The Cleveland International Film Festival promotes artistically and culturally significant film arts through education and exhibition to enrich the life of the community.
March 27, 2019 | posted by Lara Klaber in Filmmakers
Rock stars truly live enviable lives. They have passionate fans, carry on outrageous lifestyles, and tour the world sharing their music.
Let’s give some credit to the concert promoters, though. Philip Dolin and Molly Bernstein do. The directors spent time interviewing and researching those who booked those tours and promoted the shows in the early days of rock and roll. Take a look behind the scenes with them as they give due credit to rock promoters in their film, “The Show’s the Thing: The Legendary Promoters of Rock.”
Directors Dolin, who grew up in Shaker Heights, Ohio, and Bernstein heard about the idea for their film from Winston Simon, the manager of magician Ricky Jay, the subject of their first film, “Deceptive Practice: The Mysteries and Mentors Of Ricky Jay.”
“Winston knew of all the promoters and revered them as the unheralded great showman of the era,” recalls Dolin. “And he made a point that it was impossible to have a career in rock without working with these guys.”
The two filmmakers thought information on these promoters was “an unknown chapter in the history of rock music worthy of sharing,” they say.
Then at one point it clicked. Dolin grew up listening to WMMS radio where he heard "‘Belkin Productions presents…’ mentioned every 20 minutes,” he says. His hometown was home to the legendary promoters Jules, Mike, and Fran Belkin.
“I understood how important these promoters were to the cultural life of their respective cities,” he says.
It was during their visit to CIFF 40 in 2016 with their film, “An Art That Nature Makes: The Photography of Rosamond Purcell” that the filmmakers first met the Belkins. While in Cleveland, the two “actually did our interviews with Jules, Fran, and Mike during that very same visit.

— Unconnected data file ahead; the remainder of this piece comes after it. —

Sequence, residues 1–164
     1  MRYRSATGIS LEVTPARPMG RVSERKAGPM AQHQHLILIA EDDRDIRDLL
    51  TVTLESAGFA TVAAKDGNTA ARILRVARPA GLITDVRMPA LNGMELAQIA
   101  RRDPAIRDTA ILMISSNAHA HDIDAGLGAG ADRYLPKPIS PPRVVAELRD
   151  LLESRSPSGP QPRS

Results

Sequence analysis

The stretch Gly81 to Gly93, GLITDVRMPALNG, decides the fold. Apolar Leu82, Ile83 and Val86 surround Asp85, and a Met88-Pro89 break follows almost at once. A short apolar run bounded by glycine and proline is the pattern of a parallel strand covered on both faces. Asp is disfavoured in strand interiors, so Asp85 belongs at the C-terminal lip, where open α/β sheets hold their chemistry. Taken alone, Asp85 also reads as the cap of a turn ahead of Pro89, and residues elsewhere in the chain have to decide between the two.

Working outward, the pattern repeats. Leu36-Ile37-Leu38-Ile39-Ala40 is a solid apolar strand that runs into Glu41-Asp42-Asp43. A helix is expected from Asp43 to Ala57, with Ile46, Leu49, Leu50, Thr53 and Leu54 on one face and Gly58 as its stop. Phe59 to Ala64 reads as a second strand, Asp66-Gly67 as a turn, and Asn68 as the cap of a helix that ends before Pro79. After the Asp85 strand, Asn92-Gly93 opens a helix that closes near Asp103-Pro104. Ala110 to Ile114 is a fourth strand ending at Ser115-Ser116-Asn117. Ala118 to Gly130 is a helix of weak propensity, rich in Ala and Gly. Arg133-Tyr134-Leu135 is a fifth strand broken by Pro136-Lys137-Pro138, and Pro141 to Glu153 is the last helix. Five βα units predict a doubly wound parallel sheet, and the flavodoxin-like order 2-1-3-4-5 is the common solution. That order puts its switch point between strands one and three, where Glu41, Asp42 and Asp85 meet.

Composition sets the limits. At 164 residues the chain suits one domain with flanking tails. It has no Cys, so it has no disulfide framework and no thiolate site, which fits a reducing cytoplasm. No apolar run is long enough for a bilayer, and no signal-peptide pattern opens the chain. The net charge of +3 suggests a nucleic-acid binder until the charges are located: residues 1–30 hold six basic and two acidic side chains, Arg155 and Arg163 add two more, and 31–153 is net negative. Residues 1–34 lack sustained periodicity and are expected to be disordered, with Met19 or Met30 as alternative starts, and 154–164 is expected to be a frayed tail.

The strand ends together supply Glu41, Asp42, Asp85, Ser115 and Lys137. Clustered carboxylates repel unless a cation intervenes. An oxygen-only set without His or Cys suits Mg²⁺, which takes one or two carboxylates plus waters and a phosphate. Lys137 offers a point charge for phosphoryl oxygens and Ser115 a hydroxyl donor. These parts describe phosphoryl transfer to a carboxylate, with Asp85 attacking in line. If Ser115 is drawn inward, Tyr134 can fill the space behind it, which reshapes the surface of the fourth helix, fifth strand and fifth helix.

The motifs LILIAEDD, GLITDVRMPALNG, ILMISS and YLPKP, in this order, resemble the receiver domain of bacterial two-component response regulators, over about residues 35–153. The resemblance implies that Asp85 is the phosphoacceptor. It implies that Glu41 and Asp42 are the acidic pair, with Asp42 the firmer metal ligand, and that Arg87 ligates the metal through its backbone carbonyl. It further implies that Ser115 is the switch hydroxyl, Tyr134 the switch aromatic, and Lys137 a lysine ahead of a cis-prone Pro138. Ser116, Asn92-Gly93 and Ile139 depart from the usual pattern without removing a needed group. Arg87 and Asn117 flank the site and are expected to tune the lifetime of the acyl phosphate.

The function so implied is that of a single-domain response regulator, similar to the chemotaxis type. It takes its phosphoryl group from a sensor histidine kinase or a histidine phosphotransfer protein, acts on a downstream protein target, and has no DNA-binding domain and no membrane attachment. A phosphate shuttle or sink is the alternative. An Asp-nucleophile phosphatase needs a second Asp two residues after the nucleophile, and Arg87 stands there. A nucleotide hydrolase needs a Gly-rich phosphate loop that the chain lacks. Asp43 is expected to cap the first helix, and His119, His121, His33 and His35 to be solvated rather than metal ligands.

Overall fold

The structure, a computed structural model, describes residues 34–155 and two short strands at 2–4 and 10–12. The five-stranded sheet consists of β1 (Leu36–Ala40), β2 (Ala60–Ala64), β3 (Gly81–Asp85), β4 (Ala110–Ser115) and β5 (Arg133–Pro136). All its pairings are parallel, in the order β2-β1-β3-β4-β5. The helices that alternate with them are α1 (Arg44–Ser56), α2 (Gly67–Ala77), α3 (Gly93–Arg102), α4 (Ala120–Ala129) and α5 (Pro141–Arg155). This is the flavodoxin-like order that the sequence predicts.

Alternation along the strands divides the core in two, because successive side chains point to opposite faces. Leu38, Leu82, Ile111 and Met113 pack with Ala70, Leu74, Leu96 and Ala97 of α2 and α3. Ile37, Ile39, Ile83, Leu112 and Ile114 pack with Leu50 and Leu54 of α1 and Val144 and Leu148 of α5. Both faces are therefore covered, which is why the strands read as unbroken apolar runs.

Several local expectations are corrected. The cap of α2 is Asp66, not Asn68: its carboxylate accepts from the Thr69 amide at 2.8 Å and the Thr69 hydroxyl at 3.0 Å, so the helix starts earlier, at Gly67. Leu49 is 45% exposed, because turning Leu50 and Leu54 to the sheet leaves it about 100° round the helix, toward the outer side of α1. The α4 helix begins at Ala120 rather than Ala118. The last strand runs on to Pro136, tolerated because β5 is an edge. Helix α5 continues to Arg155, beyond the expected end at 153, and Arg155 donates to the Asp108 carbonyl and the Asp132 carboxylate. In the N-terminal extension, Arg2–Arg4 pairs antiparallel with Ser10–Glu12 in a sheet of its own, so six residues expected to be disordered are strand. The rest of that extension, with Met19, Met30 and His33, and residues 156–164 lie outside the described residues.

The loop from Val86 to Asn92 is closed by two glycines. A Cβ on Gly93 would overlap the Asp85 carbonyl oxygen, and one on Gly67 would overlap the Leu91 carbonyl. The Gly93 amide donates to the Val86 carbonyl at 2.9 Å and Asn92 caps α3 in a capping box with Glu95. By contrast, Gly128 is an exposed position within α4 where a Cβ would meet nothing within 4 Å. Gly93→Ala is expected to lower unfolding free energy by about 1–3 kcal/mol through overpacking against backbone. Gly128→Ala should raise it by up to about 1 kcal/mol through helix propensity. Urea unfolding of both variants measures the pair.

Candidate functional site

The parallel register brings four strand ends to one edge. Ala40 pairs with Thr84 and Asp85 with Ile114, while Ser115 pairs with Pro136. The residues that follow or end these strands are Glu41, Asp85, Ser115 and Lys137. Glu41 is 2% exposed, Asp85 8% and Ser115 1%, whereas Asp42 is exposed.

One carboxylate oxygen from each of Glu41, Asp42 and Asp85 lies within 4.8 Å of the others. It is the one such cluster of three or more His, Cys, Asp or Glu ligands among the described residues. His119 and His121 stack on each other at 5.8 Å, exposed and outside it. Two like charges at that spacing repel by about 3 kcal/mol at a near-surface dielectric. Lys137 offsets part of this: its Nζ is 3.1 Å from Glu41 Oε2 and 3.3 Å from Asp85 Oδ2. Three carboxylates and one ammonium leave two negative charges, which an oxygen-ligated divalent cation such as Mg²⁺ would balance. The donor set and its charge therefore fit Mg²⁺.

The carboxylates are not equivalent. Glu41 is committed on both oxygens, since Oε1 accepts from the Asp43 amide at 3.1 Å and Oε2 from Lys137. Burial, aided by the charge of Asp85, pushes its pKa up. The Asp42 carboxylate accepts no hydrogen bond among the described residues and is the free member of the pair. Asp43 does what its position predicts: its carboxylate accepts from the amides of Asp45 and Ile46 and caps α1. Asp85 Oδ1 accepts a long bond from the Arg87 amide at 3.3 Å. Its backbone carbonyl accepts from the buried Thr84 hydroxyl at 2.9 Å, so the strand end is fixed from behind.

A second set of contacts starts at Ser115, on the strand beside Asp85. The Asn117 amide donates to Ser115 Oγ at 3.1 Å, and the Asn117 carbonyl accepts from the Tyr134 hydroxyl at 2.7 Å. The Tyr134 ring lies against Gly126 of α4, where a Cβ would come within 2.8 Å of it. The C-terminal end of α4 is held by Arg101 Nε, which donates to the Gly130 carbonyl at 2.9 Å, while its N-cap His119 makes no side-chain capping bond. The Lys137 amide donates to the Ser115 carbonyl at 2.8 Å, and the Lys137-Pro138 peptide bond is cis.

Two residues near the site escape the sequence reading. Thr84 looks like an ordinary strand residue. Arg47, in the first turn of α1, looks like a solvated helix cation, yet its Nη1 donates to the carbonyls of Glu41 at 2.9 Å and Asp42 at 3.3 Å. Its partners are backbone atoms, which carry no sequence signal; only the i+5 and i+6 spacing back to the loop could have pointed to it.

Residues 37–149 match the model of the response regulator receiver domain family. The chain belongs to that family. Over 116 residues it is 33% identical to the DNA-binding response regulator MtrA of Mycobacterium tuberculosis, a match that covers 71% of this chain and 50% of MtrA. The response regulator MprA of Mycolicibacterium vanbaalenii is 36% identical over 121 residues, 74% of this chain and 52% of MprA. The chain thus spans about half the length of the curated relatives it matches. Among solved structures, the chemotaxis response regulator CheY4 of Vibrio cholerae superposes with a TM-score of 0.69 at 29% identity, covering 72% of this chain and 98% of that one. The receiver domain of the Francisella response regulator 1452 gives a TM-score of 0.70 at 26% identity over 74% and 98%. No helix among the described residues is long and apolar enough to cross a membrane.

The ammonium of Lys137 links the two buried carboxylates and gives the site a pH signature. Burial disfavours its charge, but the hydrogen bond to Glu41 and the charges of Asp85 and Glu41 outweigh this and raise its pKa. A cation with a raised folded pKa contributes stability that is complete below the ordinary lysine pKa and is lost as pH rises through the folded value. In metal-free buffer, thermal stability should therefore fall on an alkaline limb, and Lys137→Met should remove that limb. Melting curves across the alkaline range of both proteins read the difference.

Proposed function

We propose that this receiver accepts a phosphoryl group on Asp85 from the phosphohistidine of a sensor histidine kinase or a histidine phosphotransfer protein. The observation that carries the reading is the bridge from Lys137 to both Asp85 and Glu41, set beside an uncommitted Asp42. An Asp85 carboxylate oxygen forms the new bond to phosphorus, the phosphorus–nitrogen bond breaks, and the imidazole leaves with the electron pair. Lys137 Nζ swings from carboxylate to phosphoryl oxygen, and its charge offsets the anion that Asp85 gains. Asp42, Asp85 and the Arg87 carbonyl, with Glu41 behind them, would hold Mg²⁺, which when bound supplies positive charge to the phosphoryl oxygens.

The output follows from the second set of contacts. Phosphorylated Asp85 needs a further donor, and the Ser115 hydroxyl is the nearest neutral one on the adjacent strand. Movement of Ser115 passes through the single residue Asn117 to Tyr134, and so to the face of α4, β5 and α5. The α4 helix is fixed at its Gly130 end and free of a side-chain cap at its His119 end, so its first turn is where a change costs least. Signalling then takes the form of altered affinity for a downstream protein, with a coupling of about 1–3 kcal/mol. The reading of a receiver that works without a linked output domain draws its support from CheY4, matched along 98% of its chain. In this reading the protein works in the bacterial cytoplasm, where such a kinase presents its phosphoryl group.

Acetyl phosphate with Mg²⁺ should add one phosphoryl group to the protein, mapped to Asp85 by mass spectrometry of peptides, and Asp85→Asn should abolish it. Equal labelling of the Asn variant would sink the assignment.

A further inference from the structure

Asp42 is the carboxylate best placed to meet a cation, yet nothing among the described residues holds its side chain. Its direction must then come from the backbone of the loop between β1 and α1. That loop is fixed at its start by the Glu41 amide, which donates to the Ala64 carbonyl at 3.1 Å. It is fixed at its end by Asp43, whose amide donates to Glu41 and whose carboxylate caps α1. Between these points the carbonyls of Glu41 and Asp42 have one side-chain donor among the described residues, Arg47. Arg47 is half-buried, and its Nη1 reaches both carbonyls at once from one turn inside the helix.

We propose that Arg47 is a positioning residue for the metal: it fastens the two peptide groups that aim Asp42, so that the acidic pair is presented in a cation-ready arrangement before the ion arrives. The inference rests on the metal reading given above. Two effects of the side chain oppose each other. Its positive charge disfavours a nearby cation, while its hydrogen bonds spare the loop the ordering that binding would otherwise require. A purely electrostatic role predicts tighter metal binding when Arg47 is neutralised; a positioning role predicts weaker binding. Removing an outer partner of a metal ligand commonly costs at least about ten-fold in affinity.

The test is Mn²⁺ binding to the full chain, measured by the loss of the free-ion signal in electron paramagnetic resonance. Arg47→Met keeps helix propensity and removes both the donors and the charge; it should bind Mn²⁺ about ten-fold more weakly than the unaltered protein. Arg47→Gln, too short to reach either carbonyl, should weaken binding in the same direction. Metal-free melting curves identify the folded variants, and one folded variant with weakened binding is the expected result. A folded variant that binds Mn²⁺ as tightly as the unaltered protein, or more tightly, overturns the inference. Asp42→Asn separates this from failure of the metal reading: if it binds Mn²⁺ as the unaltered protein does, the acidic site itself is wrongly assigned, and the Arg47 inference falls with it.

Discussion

“The Belkins have a great story to tell,” he continues. “I think [audiences] will be surprised to learn the background to all those amazing concerts of the ’70s and ’80s.”
They also went to the Rock & Roll Hall of Fame to conduct additional interviews with Rock Hall executives Greg Harris and Todd Mesek. That’s where the filmmakers learned the history behind the Moondog Coronation Ball—generally known as the world’s first rock concert held in Cleveland in 1952.
In addition to those hometown heroes, the film also shares interviews and footage of Frank Barsalona, who was instrumental in creating the very concept of a rock tour, Carlos Santana, and Jon Bon Jovi.
“Without my prompting,” Dolin shares, “Jon Bon Jovi talked about coming to Cleveland for a lunchtime concert on WMMS and then opening for Michael Stanley that night.” Bon Jovi continued to explain how he and his band went through the process of “working with the promoters to slowly build an audience in each territory.
“That was fun to have in the film,” says Dolin.
– Anne M. DiTeodoro
PHOTO: Philip Dolin, left, and Molly Bernstein are happy to be back in Cleveland with their latest film. “Attending film festivals is great,” says Dolin. “Especially CIFF where the hospitality shown the filmmakers is remarkable. … The theaters are packed and the audiences are great and clearly having fun at the festival.” Photo by Jammi York, BUILD Series.
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03/28/19 @ 6:45 PM – The Show's the Thing: The Legendary Promoters of Rock
03/30/19 @ 9:15 PM – The Show's the Thing: The Legendary Promoters of Rock
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